Sheila Morris is a personal historian, essayist with humorist tendencies, lesbian activist, truth seeker and speaker in the tradition of other female Texas storytellers including her paternal grandmother. In December, 2017, the University of South Carolina Press published her collection of first-person accounts of a few of the people primarily responsible for the development of LGBTQ organizations in South Carolina. Southern Perspectives on the Queer Movement: Committed to Home will resonate with everyone interested in LGBTQ history in the South during the tumultuous times from the AIDS pandemic to marriage equality. She has published five nonfiction books including two memoirs, an essay compilation and two collections of her favorite blogs from I'll Call It Like I See It. Her first book, Deep in the Heart: A Memoir of Love and Longing received a Golden Crown Literary Society Award in 2008. Her writings have been included in various anthologies - most recently the 2017 Saints and Sinners Literary Magazine. Her latest book, Four Ticket Ride, was released in January, 2019. She is a displaced Texan living in South Carolina with her wife Teresa Williams and their dogs Spike, Charly and Carl. She is also Naynay to her two granddaughters Ella and Molly James who light up her life for real. Born in rural Grimes County, Texas in 1946 her Texas roots still run wide and deep.
This entry was posted in Humor, Lesbian Literary, Life, Personal, Random, Reflections, Slice of Life, The Way Life Is and tagged , , , . Bookmark the permalink.

17 Responses to My First Taste of Texas

  1. Pingback: My First Taste of Texas | I'll Call It Like I See It

  2. boblamb says:

    This is another stellar piece of writing, girl.
    P.S. Your buy it here link did not work on my IPad


    • Thanks so much Bob for your always most welcome support!! Another chapter of life written and The End. I will check out my buy it here link…no doubt I’ve done something wrong. I appreciate your letting me know.
      Hope you are enjoying being a beach bum!! Hi to Margaret, boys and dogs!!


    • P.S. Just checked buy it here links and they worked for me…who knows when it comes to cyberspace…look at Amazon prices. Somebody clearly knows something I don’t know…:)


    • Link isn’t showing up on my iPad. Sigh.


      • Hi Luanne,
        You are the second person to tell me that about this link problem with the iPad. Double sigh. It works for me, but I use windows?
        Please try my author website at to place your order and thanks so much for trying!! I really appreciate it!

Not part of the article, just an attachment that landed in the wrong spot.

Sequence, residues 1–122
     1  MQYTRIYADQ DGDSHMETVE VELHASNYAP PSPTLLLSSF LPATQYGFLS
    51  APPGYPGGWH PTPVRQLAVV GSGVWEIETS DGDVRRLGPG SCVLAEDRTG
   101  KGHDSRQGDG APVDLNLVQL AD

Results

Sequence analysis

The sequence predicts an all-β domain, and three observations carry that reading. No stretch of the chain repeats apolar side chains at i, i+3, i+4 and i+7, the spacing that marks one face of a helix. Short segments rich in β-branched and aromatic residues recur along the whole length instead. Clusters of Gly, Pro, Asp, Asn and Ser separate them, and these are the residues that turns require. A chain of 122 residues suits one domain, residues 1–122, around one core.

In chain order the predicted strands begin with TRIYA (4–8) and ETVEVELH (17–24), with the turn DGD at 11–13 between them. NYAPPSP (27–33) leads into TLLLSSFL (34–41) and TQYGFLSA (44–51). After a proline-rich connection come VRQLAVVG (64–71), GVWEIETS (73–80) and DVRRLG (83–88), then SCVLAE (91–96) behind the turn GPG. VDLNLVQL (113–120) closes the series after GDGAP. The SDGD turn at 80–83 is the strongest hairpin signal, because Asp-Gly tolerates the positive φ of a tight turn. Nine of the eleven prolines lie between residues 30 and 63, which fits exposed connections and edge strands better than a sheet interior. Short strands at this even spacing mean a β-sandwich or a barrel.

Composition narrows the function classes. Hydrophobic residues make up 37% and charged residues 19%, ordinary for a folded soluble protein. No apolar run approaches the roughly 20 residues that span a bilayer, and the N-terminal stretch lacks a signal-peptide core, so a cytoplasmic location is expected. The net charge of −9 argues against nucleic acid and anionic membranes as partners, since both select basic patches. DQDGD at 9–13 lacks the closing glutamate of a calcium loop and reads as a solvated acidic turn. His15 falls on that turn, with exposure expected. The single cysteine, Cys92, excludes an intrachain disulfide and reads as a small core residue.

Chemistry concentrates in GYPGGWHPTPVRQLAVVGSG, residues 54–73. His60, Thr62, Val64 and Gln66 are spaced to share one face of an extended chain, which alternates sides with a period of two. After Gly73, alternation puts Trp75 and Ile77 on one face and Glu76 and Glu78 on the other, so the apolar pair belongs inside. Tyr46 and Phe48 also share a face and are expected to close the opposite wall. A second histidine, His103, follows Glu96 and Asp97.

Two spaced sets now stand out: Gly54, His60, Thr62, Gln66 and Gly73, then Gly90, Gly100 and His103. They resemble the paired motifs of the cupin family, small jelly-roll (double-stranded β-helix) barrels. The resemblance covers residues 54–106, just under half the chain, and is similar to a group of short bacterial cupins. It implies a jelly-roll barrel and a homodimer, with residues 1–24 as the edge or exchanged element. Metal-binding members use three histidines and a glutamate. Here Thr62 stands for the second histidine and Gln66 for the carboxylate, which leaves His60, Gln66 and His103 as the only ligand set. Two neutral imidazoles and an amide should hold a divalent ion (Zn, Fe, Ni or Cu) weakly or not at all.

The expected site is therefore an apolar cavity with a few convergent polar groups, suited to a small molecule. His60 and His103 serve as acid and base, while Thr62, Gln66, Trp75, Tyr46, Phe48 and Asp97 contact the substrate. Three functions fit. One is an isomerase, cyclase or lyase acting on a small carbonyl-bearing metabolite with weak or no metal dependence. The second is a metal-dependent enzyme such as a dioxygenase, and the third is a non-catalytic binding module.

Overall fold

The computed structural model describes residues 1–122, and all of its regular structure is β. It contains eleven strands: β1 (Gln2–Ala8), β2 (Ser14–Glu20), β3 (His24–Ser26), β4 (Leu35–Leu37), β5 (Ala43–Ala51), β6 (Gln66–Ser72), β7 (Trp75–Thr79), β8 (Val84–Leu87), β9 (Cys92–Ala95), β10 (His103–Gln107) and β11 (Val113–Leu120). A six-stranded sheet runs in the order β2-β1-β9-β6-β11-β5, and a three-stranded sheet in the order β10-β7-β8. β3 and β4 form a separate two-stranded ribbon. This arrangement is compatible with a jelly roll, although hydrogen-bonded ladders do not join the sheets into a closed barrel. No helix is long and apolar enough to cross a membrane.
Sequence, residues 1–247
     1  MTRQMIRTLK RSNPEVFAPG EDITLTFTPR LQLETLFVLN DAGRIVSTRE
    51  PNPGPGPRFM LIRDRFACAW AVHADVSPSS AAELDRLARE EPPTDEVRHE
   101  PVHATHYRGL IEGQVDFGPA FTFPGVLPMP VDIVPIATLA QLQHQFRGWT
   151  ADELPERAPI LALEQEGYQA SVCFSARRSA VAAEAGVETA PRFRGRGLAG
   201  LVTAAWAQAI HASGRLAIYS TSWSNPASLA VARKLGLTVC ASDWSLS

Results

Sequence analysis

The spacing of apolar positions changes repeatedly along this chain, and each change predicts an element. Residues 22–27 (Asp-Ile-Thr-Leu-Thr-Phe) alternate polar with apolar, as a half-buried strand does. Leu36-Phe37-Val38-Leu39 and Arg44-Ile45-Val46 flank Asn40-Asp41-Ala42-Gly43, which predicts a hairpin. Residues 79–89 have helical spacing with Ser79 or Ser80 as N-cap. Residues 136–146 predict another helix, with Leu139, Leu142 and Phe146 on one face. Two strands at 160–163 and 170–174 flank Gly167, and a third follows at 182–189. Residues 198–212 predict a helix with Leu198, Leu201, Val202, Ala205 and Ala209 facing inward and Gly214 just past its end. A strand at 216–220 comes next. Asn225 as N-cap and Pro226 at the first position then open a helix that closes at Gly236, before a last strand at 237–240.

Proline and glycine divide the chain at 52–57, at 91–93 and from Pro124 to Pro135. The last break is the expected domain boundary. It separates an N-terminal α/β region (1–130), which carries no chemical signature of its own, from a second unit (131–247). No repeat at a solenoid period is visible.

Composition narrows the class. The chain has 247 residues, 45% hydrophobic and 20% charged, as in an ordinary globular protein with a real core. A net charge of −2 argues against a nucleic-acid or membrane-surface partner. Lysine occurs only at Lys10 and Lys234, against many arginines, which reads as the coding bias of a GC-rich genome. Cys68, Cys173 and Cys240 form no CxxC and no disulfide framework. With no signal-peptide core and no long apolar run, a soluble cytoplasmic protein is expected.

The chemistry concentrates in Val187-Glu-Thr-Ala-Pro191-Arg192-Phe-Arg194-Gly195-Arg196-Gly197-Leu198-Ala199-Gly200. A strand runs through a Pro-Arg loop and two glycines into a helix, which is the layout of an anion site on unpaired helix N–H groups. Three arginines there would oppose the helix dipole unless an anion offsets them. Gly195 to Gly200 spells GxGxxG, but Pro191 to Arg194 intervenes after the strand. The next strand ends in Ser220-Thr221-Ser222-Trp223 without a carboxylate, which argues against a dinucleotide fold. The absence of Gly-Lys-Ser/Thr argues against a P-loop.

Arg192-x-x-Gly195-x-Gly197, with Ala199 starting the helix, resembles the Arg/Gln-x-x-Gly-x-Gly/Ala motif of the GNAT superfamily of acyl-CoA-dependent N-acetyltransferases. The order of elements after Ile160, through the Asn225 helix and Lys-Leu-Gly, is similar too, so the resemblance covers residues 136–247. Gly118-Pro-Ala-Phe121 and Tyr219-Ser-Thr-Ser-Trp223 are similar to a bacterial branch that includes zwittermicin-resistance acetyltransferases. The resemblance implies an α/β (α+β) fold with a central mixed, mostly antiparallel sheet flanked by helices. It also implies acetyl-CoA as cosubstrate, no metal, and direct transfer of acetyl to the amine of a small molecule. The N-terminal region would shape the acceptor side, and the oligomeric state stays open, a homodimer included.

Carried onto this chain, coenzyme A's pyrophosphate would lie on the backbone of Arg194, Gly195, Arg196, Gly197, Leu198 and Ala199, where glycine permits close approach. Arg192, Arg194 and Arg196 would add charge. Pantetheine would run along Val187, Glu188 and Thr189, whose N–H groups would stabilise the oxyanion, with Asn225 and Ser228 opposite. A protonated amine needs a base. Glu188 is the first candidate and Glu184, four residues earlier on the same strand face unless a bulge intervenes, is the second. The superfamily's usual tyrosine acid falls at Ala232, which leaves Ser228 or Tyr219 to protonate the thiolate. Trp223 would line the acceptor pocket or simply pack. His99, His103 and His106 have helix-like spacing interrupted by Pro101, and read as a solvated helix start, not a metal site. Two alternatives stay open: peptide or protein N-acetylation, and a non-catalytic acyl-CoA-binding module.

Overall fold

• I’m looking at the books and thinking I want one of the memoirs so that I can do a review for my weekly memoir review bit on Writer Site ;). Which one should I get? Is that like asking which dog is the cutest?


      • Luanne, I am happy to send you a signed review copy. Just email me your address at and I will get one out to you this week. The first memoir Deep in the Heart actually is a Golden Crown Literary Society Award winner so I will send that one to you. The other two were finalists in the nonfiction category. If you ask Teresa who is my most trustworthy critic, she would say her favorite is Deep in the Heart, too. 🙂 My personal favorite is I’ll Call It, but I think I’m the only one who would pick it!!

        Thank you very much for considering a review for me on your Writer Site! I’m honored.


  3. Melissa Bech says:

    We will miss you here, cuz.


  4. Ed Bruce, a gentleman with a velvety smooth voice. Excellent post.


    • Thanks so much, plgcm! I LOVE that song and Ed Bruce, too. I also enjoyed your recaps of the ACM awards – really. The hour by hour was a fabulous idea. I may steal it for one of my award shows next year. 🙂 Well done.


  5. Heather says:

    Your Texas family will miss you…..even though I didn’t get to see you often it was nice “just knowing you were close.” Maybe someday I will get to come visit you in your now forever home.


    • Hi Heather,
      Yes, it was good knowing I had family near even though we didn’t get to visit much – I spent so much of my time with my mother and then my aunt. You all have such busy lives, too, and sometimes we just don’t get to do all we want to do.
      I so enjoyed visiting with Ann and Billie and Fred the other day before I left, though. She always entertains me with stories of your grandfather – one of my favorite people in the whole world. I still miss him, as I know you do.
      I appreciate your staying in touch with my blog through the years and yes, I would be glad for you to visit us in South Carolina!
      Love to you all,


  6. Sheila says:

    S-slow, you always amaze me and empower me in my journey to be more mindful. Thank you!


    • S-go, thank you so very much for your kind words. It’s always good to know that my friends still read what I write! 🙂 The journey as a caretaker won’t get easier, but I know you and Caryn will step up and do the very best anyone can do. Daughters are like that.